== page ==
PEOPLE v. BLACKSHEAR

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District Court of Appeal, Second District, Division 2, California.

PEOPLE of the State of California, Plaintiff and Respondent, v. Andrew Jackson BLACKSHEAR, Defendant and Appellant.

Cr. 7074.

Decided: June 21, 1960

Claude Vibart Worrell, Los Angeles, for appellant. Stanley Mosk, Atty. Gen., William E. James, Asst. Atty. Gen., Jack K. Weber, Deputy Atty. Gen., for respondent.

Appellant was convicted by a jury of a violation of Penal Code section 245, assault with a deadly weapon. He appeals from the judgment and from the order denying his motion for a new trial.

It is not disputed that on the night of May 21, 1959, appellant, using a high-powered rifle, shot and seriously wounded the complaining witness, one Buffington. However, in support of his primary contention that the jury's verdict is not supported by the evidence, appellant argues that Buffington was the aggressor in the physical encounter that preceded the shooting, and that appellant acted justifiably in self-defense and in defense of his home.

For reasons which will shortly appear, it is unnecessary to narrate here all of the mass of conflicting testimony concerning the circumstances leading up to the violent encounter between appellant and Buffington which culminated in the shooting. In our recital, we take cognizance of the familar rule that we must view the evidence in the light most favorable to the verdict and judgment.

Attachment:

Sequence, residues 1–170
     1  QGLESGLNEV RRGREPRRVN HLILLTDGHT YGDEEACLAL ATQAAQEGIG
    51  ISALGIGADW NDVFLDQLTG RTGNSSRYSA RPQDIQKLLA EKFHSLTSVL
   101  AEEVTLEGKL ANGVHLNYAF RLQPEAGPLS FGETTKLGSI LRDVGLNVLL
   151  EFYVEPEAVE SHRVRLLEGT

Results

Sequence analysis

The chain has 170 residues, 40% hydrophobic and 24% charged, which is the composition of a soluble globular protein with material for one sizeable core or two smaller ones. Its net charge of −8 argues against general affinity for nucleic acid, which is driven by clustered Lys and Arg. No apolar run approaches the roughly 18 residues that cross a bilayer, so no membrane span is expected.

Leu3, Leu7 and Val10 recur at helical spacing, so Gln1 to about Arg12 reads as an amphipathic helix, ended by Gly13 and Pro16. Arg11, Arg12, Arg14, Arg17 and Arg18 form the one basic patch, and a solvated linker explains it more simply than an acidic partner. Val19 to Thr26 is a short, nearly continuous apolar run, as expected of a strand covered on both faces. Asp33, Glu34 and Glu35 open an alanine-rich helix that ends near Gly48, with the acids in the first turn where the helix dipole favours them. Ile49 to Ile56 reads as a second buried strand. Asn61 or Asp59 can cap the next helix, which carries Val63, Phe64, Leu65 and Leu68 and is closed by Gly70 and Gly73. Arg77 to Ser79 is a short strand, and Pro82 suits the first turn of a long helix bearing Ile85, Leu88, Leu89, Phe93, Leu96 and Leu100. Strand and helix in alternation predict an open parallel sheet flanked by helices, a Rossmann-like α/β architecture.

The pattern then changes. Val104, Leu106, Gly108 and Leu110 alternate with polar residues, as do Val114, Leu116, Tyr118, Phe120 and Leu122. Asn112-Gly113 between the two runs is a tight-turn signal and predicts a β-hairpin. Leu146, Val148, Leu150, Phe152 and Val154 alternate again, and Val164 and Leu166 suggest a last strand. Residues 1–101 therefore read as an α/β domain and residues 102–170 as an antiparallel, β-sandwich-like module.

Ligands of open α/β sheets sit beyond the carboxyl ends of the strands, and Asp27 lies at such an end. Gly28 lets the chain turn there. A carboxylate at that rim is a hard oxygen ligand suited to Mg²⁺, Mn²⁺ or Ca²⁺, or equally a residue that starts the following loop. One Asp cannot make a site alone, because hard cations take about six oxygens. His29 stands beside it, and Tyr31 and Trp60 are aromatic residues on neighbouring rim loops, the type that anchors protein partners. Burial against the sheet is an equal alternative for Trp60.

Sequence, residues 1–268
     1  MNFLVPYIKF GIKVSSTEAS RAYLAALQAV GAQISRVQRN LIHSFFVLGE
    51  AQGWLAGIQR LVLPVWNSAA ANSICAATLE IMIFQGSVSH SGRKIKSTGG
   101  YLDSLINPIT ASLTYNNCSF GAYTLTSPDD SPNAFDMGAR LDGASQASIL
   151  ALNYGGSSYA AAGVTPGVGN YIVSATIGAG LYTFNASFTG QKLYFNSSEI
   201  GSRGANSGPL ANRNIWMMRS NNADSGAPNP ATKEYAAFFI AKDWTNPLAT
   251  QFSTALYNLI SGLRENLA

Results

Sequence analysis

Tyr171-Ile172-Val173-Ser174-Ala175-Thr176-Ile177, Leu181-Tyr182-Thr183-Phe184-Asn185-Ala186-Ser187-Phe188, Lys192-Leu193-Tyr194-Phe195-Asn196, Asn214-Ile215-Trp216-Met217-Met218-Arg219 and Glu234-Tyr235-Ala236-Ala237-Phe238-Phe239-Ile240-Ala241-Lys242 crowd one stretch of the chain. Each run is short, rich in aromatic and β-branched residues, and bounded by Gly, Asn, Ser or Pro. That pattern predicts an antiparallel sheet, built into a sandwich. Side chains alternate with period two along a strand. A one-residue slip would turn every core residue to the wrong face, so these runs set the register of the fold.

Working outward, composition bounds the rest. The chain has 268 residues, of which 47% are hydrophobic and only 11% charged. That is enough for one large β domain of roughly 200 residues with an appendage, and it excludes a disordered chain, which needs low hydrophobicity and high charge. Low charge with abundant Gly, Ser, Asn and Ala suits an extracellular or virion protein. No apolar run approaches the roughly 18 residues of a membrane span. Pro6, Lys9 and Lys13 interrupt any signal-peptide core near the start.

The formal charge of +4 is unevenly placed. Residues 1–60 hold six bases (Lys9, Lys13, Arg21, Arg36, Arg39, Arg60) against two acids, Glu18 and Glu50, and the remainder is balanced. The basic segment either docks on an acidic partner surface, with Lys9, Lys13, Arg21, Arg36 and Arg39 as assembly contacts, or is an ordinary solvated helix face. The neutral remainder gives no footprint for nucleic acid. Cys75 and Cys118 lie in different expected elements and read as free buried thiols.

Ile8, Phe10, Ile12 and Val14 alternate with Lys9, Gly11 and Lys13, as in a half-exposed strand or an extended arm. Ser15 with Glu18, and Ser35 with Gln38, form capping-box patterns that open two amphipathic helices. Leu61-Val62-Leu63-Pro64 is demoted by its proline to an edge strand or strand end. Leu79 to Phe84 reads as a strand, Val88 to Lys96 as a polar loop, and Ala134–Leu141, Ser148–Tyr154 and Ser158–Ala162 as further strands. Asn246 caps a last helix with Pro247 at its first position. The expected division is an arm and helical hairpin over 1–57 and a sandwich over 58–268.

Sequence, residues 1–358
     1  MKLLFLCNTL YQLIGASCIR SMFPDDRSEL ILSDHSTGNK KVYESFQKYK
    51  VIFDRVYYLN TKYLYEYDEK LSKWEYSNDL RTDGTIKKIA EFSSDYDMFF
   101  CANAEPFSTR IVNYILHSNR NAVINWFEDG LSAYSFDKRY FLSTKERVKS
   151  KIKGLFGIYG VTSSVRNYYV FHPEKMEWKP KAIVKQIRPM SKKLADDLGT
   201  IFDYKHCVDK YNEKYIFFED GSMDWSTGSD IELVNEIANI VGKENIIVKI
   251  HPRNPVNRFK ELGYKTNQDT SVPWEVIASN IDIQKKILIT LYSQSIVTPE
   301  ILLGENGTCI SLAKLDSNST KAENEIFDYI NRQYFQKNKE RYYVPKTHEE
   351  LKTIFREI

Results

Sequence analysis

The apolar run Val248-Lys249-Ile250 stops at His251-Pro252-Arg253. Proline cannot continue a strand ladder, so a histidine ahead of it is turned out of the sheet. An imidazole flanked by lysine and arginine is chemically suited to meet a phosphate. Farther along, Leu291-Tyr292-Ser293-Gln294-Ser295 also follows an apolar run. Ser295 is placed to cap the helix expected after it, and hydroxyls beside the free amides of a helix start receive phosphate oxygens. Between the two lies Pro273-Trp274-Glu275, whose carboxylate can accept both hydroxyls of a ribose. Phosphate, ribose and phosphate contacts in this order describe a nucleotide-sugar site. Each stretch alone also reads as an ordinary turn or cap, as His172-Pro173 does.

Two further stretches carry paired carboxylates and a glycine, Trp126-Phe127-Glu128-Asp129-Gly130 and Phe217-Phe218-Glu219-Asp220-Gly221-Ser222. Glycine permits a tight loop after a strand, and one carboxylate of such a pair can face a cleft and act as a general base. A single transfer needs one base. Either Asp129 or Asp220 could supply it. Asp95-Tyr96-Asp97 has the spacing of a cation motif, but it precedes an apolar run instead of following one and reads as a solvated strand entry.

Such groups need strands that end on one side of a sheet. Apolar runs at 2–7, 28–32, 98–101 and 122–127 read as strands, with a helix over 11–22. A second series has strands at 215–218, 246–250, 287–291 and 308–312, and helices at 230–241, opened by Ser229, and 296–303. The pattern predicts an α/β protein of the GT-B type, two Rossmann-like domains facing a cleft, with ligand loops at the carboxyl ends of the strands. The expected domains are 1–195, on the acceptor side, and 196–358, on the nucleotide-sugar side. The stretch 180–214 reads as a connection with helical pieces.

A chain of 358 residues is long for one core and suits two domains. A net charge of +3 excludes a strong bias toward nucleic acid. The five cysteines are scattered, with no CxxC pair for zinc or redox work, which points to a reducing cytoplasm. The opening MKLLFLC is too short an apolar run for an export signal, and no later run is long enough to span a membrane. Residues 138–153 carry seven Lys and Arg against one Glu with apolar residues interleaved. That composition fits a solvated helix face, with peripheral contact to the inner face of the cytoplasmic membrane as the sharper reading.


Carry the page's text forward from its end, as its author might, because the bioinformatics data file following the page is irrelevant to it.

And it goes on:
It appears that on the occasion in question Buffington went to appellant's residence on East 47th Street in Los Angeles looking for a girl friend with whom he had quarreled earlier in the evening. Evidently she had gone to appellant's home in fear that Buffington intended to do her physical harm. Appellant went to the front door of the apartment and informed Buffington that the woman would not see him. An argument developed while the two men stood opposite each other in the doorway.